This October, the Minnesota Supreme Court will hear testimony from civic organizations before issuing the congressional and legislative maps that determine Minnesota’s political boundaries for the next decade.
That they’re conducting these hearings despite the fact that the House Redistricting Committee held 13 hearings at the Capitol and 3 hearings around the state is telling.
Shouldn’t the courts be seperated from public opinion? Shouldn’t their job be to apply the laws and the Constitution to the census data?
It isn’t that we shouldn’t hear testimony from civic organizations. It’s that that’s the committees’ responsibility. The courts hearing from civic organizations means that the courts are adding an additional political step to the process.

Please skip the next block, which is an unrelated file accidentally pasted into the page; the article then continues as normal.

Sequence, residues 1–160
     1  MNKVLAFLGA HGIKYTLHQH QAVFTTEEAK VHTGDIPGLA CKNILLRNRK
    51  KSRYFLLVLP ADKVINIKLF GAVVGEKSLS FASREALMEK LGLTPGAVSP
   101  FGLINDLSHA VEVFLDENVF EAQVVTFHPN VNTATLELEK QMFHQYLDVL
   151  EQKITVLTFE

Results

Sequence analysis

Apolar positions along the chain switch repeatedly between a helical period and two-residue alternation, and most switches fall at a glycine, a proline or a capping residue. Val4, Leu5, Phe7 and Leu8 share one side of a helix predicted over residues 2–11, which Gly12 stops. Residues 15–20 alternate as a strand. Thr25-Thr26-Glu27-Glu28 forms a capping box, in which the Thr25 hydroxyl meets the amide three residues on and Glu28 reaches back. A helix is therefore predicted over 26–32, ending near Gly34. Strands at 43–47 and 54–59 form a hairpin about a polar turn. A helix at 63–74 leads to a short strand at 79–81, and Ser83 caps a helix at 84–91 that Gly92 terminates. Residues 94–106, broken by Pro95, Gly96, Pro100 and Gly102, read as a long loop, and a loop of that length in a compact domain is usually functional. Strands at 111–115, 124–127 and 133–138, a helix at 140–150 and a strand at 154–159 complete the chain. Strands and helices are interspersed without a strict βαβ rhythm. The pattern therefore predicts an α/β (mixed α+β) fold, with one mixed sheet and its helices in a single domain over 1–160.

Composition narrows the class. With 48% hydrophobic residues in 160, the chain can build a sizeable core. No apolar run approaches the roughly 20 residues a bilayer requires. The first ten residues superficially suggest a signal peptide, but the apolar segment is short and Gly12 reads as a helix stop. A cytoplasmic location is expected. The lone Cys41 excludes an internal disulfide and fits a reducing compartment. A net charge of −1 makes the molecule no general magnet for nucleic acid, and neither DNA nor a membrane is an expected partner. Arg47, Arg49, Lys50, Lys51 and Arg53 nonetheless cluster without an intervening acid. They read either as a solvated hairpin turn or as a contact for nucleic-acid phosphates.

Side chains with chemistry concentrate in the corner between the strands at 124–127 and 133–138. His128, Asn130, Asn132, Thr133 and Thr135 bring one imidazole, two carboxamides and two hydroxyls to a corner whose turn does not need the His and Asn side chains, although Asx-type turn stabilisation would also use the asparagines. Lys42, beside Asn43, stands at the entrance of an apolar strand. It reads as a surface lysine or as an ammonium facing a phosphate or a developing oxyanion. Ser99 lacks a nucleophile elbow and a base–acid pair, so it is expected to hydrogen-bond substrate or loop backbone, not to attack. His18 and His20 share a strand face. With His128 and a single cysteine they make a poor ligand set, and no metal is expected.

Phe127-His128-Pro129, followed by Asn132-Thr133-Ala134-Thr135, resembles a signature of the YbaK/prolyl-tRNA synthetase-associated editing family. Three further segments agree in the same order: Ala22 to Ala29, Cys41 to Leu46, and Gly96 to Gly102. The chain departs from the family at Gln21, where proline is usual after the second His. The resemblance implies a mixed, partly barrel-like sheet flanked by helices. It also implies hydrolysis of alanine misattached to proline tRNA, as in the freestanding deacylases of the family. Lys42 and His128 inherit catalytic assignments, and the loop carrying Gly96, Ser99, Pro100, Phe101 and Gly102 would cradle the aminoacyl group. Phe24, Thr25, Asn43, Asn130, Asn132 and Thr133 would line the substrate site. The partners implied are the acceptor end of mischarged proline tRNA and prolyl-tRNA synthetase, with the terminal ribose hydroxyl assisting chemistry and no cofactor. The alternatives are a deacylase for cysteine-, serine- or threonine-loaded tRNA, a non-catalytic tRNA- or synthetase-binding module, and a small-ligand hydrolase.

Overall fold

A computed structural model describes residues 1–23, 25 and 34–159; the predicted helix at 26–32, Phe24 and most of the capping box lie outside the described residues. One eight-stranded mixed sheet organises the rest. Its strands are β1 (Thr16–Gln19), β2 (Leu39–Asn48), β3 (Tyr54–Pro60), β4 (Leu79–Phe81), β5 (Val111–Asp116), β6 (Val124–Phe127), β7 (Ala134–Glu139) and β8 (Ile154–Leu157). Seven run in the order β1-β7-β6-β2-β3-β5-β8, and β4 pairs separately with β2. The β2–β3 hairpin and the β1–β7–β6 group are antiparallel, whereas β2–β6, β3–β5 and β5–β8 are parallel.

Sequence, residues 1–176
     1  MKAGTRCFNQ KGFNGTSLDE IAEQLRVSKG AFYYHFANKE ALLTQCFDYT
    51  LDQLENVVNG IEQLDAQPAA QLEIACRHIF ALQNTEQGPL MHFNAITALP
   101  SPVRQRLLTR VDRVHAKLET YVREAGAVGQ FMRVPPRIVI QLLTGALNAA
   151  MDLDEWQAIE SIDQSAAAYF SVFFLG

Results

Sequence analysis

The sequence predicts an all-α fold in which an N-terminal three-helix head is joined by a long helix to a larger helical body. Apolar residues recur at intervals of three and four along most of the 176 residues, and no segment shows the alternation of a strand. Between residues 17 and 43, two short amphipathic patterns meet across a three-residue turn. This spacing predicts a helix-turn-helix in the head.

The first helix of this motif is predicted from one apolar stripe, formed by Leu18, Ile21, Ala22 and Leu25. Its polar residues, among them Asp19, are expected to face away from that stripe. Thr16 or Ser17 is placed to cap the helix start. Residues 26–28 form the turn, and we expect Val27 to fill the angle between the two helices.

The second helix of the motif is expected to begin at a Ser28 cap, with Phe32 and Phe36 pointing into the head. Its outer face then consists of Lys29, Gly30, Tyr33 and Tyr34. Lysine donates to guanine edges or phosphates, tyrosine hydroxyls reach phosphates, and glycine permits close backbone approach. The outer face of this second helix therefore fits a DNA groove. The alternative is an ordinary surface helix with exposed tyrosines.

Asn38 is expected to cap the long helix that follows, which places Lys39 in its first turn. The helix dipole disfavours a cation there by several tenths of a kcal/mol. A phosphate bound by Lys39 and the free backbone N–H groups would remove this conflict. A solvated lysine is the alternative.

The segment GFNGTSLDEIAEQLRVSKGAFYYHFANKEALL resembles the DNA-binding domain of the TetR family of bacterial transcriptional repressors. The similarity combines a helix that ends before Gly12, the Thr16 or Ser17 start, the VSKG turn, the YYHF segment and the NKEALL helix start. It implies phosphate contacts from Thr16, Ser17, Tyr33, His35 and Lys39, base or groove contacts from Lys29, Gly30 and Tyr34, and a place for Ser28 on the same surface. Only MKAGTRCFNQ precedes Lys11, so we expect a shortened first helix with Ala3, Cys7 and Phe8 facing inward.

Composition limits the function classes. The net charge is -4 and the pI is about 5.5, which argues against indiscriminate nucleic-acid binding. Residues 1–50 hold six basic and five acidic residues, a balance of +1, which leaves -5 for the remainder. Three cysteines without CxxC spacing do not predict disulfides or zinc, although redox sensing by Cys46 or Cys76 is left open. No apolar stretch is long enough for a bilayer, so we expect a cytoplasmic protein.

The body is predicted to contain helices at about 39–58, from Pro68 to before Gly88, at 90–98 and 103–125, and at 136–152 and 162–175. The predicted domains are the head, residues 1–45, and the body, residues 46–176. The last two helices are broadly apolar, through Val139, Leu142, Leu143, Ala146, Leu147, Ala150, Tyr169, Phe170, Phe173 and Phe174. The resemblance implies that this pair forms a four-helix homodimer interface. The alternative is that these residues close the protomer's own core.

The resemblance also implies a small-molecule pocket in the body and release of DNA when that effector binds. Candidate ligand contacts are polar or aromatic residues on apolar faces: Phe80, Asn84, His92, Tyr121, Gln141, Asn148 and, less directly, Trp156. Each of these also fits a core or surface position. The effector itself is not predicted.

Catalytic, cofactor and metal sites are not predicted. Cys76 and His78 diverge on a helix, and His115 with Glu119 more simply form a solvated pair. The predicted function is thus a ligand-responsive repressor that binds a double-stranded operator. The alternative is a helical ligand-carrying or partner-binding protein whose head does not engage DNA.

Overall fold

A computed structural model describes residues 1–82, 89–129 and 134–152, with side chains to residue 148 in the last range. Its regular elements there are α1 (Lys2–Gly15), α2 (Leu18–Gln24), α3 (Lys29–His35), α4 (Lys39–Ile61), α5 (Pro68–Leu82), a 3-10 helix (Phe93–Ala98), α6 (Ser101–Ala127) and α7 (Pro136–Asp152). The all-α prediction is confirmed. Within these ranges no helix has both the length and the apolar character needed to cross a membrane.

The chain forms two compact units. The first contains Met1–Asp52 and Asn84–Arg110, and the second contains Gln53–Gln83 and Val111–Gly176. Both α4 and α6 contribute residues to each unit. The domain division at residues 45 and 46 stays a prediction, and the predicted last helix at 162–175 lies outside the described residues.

Politics should be limited to the political branches of government, aka the legislative and executive branches. Judicial proceedings should be limited to making judicial rulings based on the law and Constitution.
Based on where the population shifts happened the past decade, the maps put together by Rep. Sarah Anderson’s committee are quite defensible maps that Gov. Dayton shouldn’t have vetoed. His veto was purely political, designed to keep his base happy.
Politics should be removed from redistricting. Redistricting committees already rely on redistricting software. After the committee hears from the interested civic organizations, the information should be plugged into the redistricting software.
Whatever system is used, the Minnesota Supreme Court shouldn’t be engaged in anything but the law. It shouldn’t engage in hearings. That’s the legislative branch’s responsibility.
It’s time for the courts to stick with their responsibility. It isn’t their responsibility to get involved in conducting political hearings.